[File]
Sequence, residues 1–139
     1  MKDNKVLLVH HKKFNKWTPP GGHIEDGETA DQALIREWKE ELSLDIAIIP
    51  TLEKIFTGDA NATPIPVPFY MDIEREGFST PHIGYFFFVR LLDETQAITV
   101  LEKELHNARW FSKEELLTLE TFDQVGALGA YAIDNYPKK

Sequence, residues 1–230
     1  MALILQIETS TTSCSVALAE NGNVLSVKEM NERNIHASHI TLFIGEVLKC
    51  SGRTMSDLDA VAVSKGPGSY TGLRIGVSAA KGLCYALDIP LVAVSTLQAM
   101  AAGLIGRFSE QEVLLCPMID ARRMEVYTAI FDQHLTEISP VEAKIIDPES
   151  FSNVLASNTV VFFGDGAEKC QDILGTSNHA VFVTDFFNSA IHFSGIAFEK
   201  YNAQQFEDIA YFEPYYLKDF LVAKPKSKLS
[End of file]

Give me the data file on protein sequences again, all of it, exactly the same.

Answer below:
Sequence, residues 1–139
     1  MKDNKVLLVH HKKFNKWTPP GGHIEDGETA DQALIREWKE ELSLDIAIIP
    51  TLEKIFTGDA NATPIPVPFY MDIEREGFST PHIGYFFFVR LLDETQAITV
   101  LEKELHNARW FSKEELLTLE TFDQVGALGA YAIDNYPKK

Sequence, residues 1–230
     1  MALILQIETS TTSCSVALAE NGNVLSVKEM NERNIHASHI TLFIGEVLKC
    51  SGRTMSDLDA VAVSKGPGSY TGLRIGVSAA KGLCYALDIP LVAVSTLQAM
   101  AAGLIGRFSE QEVLLCPMID ARRMEVYTAI FDQHLTEISP VEAKIIDPES
   151  FSNVLASNTV VFFGDGAEKC QDILGTSNHA VFVTDFFNSA IHFSGIAFEK
   201  YNAQQFEDIA YFEPYYLKDF LVAKPKSKLS